Matt: This is probably generalizable to any relationship, including with a friend or a loved one. I think first what I go to is just communication because I feel like trust, if I had to make a formula for trust, it’s trust equals communication multiplied by time. So when you have really clear communication over a longer period of time, to me that turns into trust. Clear communication is also like saying, “Hey, I screwed up,” or “I did something wrong,” or setting expectations correctly. Everyone messes up, and if you have a relationship working or personal, whatever, with long enough, like you’re going to disappoint each other at some point. If you can talk about that, you know, it’s probably better if you can admit it quickly, that’s the best. And if you don’t have the common view on it, like if you see it one way, they see it the other way, I think you need to keep communicating until you kind of come to a shared consensus reality, sorry, consensus on what happened in reality. You know, I would encourage if, you know, you’re talking mostly over text to try audio or video or get on a plane, plan a meetup, you know, maybe you need to spend some time in person. And, you know, finally, one thing that might help is, you know, setting conditions for how to rebuild it and make that a process. Like, you know, I feel bad apologizing sometimes, really important, but then, you know, what are the steps to start rebuilding it? If it’s irreconcilable, that probably means that one side or the other is digging in. Yeah, you know, because humans can forget. I mean, gosh, Nelson Mandela forgave his captors. Yeah, I mean, if he can do it, Jesus forgave his, you know, people who killed. Like, there’s many examples of being able to forget much bigger things than what typically happens in the workplace. And so if it’s not, if one person is digging in there, and doesn’t want to invest in rebuilding it, or it’s beyond their ability to, then, yeah, you probably do need to start a new relationship someplace else. Maybe that could be in a different team in the company, but, you know, maybe it also means like a new company would provide you the most or new role, new way of working would provide you the most flexibility because it does, you know, it’s hard to travel when you have a lot of baggage. Yeah, it’s hard to travel in life with a lot of baggage. That’s why, you know, one thing I feel like really important for personal relationships is like a statute of limitations. You can’t be arguing in 2023 about something, and, you know, something in 2017 is brought up or 2013. At some point, you have to say, “Hey, we’ve talked about that, we’ve resolved that, can’t keep bringing it up.” So that’s important.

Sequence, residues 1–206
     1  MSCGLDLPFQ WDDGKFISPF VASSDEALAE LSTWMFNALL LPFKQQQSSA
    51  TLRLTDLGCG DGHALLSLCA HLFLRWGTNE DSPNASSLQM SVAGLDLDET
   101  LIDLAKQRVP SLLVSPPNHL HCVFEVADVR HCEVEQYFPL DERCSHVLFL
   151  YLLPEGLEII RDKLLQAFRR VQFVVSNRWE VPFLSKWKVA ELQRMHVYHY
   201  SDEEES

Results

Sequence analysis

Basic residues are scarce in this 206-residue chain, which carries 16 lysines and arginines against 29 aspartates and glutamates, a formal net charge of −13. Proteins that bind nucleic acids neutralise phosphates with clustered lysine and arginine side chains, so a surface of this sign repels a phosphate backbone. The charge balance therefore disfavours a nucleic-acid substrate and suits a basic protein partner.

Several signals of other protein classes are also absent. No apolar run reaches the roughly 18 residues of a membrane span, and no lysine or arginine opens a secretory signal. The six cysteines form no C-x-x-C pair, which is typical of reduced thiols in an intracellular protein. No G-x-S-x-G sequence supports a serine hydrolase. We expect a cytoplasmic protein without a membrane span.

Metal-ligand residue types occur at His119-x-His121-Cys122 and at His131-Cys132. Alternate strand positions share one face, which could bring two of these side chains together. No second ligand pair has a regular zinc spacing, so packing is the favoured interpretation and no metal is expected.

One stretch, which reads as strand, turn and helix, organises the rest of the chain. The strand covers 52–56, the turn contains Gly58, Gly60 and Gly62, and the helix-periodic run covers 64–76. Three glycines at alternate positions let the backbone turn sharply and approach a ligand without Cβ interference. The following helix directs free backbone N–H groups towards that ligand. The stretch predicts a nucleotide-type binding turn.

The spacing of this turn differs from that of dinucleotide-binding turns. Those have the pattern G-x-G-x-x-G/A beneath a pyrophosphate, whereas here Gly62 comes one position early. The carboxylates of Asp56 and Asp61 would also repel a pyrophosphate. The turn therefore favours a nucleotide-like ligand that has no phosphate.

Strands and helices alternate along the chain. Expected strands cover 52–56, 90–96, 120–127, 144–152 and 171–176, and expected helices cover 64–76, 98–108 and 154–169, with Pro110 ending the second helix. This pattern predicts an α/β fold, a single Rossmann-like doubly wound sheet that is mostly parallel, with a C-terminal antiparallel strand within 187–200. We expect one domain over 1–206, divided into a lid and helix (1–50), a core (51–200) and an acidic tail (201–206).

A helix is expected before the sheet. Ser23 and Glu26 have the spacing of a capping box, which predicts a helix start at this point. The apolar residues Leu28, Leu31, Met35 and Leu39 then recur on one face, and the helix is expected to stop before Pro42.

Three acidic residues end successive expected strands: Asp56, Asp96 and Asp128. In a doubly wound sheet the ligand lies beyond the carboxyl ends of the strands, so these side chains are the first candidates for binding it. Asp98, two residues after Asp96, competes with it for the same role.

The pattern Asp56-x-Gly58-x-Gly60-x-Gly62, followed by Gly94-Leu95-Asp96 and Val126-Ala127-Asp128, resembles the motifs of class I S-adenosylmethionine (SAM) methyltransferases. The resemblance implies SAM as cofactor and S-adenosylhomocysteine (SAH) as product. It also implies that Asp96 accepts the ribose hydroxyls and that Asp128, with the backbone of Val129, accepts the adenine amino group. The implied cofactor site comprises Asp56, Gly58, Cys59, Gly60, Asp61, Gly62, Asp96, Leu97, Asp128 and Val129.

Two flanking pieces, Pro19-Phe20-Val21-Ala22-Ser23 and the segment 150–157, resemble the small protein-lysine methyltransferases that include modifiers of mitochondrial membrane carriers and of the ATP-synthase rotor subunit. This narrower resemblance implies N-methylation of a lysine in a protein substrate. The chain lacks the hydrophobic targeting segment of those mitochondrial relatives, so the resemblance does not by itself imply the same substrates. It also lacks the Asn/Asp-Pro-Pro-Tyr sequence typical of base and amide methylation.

Patrick: Yeah, so this was kind of in the middle of COVID, and we actually had plans to meet at one point, and then there was some sort of, you know, plane drama, and their plane was canceled, and he ended up not going to the event, and I went to the event. And part of me, you know, in hindsight being 20/20, I wish I pushed him harder to, like, we because we did have plans to meet in person. I think that might have prevented the trust break. But I didn’t push hard for it. I’m like, well, he’s the boss, he said he couldn’t make it, and anyways, I think I’m a big fan of the lesson I’m taking away is maybe I should have been more proactive. And because I, I know that even if my boss doesn’t think he needs it, it’s important for both of us to have trust, otherwise, we’ll eventually end at some point.

Matt: Totally. Yeah, it’s hard to imagine a long-term relationship without it, right?

Patrick: Some of the best practices for distributed organizations were popularized by, and you’re not going to get this, the Mongol Empire. They popularized concepts like freedom of religion, currencies, and even meritocracy. Stay tuned to learn what else Matt learned and how it applies to remote businesses.